Walking into your annual check-up with your primary care physician can be a weirdly nerve-wracking event, because you know that, since your last visit, you haven’t followed much of their medical advice at all. In fact, you’ve done your level best to utterly violate it: They advised you to get more exercise, eat healthier, drink less and always avoid casual, unprotected sex. Instead, you remained mostly in the prone position, outdid Morgan Spurlock’s Super Size Me stunt diet, replaced your bodily fluids with booze and generally behaved like an animal with a dick where its brain should be.
That’s why, even on our best days, we tend to fudge our answers. Units of alcohol per week: Ohh, maybe three? Drug use: Never! Exercise: Loads, yeah, just… loads.
But how honest with our doctors should we really be?
“Deadly honest,” says primary care physician Dr. Marc Leavey. “You may not realize it, but treatment decisions are based on what the patient discloses. A physician’s evaluation is based on full and complete knowledge of what’s going on with the patient. Without that knowledge, the diagnostic plan, and subsequent treatments, may be flawed.”
Which, yeah, we kinda all know this, really. So what makes us feel compelled to lie so frequently in such situations?
“For me, it comes down to social stigma,” says Richard Garcia, a 46-year-old supermarket general manager from North Bergen, N.J. “I’m embarrassed to say how much I really drink — what if he tries to peg me as an alcoholic? Second, I always feel that if he finds something wrong with me, he’ll link it directly to my alcohol use. Then, in turn, when I’d have to explain to family and friends that I have an ailment, they’d also connect it to drinking.”
According to Leavey, however, this type of elusiveness can backfire on you drastically. “Leaving out the fact that you drink more than a glass of wine a week, when it’s more like several a day, can cause the doctor to order a raft of unneeded and possibly uncomfortable testing,” he says. “An accurate history may be all that was needed.”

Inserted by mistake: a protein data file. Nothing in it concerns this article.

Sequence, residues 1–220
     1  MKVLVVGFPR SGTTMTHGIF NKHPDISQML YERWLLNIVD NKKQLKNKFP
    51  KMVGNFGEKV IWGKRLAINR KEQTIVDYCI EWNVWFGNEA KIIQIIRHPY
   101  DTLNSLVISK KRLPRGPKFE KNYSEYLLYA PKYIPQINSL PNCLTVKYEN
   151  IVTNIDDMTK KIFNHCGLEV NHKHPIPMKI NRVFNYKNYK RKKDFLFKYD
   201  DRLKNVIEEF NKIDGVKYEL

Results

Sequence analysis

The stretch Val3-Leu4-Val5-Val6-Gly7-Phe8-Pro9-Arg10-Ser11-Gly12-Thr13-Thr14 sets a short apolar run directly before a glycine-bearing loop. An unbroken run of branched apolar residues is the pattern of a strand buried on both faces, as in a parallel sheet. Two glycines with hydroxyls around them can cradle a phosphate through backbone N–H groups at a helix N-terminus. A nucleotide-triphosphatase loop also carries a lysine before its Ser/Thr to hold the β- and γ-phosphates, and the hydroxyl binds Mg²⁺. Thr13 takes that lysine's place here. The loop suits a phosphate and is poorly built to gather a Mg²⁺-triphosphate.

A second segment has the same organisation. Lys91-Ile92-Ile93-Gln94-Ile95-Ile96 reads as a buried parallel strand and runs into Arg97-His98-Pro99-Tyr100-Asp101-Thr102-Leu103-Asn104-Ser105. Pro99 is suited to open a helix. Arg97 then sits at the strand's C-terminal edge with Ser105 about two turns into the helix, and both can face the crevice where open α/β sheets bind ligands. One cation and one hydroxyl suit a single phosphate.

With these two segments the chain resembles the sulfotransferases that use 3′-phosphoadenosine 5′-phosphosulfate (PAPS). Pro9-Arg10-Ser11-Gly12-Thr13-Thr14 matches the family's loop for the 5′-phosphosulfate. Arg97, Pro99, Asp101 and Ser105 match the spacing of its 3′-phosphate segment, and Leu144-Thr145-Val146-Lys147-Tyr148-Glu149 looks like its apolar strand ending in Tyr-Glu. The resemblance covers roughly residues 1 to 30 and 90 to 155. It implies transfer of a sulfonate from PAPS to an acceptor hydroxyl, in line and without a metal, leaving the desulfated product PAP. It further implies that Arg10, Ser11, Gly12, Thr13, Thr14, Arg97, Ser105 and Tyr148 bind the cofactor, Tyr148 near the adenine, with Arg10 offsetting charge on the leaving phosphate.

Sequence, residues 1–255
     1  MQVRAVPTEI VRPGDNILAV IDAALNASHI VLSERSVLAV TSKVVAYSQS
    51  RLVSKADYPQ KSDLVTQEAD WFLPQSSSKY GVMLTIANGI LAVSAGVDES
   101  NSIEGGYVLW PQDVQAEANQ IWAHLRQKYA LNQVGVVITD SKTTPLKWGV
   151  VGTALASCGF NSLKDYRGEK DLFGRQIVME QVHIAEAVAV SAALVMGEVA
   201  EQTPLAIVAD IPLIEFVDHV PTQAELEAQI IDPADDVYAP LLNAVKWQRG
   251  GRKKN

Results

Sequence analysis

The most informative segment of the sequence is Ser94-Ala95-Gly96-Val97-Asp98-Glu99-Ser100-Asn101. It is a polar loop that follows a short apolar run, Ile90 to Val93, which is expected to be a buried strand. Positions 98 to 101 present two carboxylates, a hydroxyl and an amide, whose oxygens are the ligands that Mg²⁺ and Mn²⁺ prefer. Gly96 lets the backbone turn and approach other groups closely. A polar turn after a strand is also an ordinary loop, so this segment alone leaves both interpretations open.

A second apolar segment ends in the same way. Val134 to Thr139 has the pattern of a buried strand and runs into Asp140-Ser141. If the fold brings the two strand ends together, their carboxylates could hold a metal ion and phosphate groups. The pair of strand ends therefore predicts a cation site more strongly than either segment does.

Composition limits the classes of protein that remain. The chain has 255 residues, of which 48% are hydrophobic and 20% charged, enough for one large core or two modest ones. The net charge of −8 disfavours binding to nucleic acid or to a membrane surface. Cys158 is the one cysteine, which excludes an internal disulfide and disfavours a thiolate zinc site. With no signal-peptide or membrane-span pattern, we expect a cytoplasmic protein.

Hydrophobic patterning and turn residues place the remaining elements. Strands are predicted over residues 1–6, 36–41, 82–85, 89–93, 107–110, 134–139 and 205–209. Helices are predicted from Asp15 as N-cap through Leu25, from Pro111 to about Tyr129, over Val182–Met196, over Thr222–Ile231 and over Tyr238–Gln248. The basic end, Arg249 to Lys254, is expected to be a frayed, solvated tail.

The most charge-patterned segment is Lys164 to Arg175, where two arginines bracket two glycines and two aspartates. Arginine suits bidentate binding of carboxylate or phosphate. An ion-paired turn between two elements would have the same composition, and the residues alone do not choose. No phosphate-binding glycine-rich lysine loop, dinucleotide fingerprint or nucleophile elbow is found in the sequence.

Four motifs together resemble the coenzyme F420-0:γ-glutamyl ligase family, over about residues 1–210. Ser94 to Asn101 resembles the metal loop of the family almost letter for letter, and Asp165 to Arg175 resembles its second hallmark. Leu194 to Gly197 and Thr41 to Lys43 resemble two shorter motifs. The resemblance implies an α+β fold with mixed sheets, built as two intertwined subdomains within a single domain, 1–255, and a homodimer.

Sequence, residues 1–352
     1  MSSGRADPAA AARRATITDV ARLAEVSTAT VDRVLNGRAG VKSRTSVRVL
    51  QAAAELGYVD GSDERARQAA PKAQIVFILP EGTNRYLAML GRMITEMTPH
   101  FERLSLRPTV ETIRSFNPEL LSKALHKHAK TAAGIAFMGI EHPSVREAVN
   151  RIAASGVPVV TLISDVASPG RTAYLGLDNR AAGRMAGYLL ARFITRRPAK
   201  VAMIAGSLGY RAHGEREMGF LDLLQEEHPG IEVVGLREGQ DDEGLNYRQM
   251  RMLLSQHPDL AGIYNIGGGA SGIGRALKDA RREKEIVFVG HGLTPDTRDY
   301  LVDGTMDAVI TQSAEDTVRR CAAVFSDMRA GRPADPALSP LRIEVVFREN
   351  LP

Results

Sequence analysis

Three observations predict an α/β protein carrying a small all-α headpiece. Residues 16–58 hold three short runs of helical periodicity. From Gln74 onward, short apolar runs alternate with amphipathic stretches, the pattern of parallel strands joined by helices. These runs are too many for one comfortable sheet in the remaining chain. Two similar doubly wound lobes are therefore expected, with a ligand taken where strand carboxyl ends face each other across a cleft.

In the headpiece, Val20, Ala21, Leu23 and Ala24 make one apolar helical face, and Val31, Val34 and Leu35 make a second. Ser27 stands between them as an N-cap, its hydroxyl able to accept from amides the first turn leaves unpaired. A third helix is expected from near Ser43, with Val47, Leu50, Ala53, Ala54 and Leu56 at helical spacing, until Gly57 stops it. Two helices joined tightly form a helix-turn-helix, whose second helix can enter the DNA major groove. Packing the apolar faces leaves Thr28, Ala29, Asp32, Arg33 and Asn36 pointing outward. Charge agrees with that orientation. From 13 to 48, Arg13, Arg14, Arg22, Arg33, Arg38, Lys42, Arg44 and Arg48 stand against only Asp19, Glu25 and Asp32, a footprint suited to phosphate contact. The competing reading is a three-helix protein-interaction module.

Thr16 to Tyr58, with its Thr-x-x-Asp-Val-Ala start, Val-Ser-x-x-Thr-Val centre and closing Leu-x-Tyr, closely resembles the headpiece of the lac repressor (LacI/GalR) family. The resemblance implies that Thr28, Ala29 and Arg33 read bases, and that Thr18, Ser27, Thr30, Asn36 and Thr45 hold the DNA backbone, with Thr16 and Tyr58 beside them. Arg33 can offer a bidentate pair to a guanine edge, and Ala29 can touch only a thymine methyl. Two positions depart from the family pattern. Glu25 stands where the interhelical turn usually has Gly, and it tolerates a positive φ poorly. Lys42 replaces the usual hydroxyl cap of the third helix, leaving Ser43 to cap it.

Social stigmas aren’t the only things that might deter us from coming clean with doctors about our not-so-healthy lifestyles: There are also the potential legal ramifications. “I never admit to my doctor about smoking weed, even after I’ve been to L.A. or Denver where it’s legal,” laughs 38-year-old Tara Singletary, a division coordinator from Neptune, N.J. “It’s illegal in this state, and I don’t want to be judged. But I have no problem discussing it with anyone else — family, friends, etc.”
Of course, we don’t only lie to our doctors to hide our vices — sometimes we lie to feed them. John Walcott, a 38-year-old food safety director from Westchester County, N.Y., says he use to feign illnesses to get his doctor to help supply his habit. “I always lied to doctors to get drugs. I exaggerated conditions like pain and anxiety, and in turn, the doctor would prescribe me something: Percocet, Xanax, Valium.”
Leavey insists that lying about any kind of drug use is one of the biggest no-nos. “Interactions with prescription drugs can be a pejorative factor with what you’re taking, both legal and illicit products,” he says. “So, you should inform us about even something prescribed by another physician that you don’t want to talk about [think plastic surgery or erectile problems].”
No matter the reasons we choose not to shoot straight with our physicians, it’s obvious we’re doing ourselves a huge disservice. But when the truth feels embarrassing or awkward, what’s the best approach? Leavey admits it’s a tough question, but says it’s important to let the candor forth anyway. “It’s kind of like when your mother asked who broke the vase. Part of being an adult is learning to face the truth, no matter how embarrassing. Just as one needs to be honest with one’s spouse, one needs to be able to suck it up and gather the strength to be honest with your doctor.”
And don’t worry about straddling the line between needless oversharing and telling them the stuff they need for our better health. “Let the doctor be the judge of that,” Leavey advises. “He or she knows what’s important, and what really doesn’t matter, while you most likely don’t. The thing that may most concern you might be viewed as trivial by the doctor, and something you feel is insignificant may be the key to the problem. So feel free to put yourself in brain dump mode, take it easy, and let the physician guide the process.”